Pronounced “frit-ah-LAIR-ee-uh,” this bulbous herb is a member of the Liliaceae family.
With about 100 species, Fritillarias are among the oldest cultivated plant materials. They have delicate, boxy, pendant blooms and stems that range in height from 20-90cm.
Fritillarias are native to temperate regions of western North America, northern Africa, Europe, the Middle East and Asia. In many places, including France, Slovenia and Romania, they are endangered and are rarely found in the wild, but they are common in cultivated gardens.
The genus name Fritillaria means “dice box,” describing the spotted markings on the dangling, boxlike flowers of the F. meleagris species. In addition to fritillary, checkered lily, guinea hen flower and snake’s head fritillary are common names for this species.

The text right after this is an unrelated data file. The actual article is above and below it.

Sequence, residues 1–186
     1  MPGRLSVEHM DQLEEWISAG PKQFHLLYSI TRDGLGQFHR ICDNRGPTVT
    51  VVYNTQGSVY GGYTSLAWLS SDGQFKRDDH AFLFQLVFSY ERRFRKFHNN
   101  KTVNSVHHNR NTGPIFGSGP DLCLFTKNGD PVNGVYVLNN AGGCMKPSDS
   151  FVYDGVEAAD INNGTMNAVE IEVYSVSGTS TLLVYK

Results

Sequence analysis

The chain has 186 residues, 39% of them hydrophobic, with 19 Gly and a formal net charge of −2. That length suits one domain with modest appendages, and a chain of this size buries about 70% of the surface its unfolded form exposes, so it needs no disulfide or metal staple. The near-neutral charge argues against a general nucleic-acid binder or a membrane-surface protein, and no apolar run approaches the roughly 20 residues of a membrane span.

Fritillarias are sometimes associated with death, probably due to their scent. They are skunky smelling to attract flies, their pollinator. Other common names are deathbell, Madam Ugly, widow’s veil and drooping tulips. Another species, F. imperialis, is commonly known as crown imperial.
Christian lore says that Fritillarias refused to bow their heads at the Crucifixion but, in shame, have bowed them ever since. Even today, when a bloom is touched, it often drops a “tear,” or bead of moisture.
F. meleagris blossoms have interesting patterns and shapes. Most are checkered reddish-brown, purple, white and gray while some are green, red, orange, yellow and chocolate. F. imperialis flowers are solid-colored—yellow, red-orange or red.
Fritillarias are available from January through May from Dutch sources although January yields moderate availability. The flowers are most readily available from domestic sources during April and May. Most Fritillarias bloom during mid-spring.
When properly cared for, Fritillarias last for about seven to 10 days. As cut flowers, they are best used in spaces where people will not be close enough to smell the musky blossoms.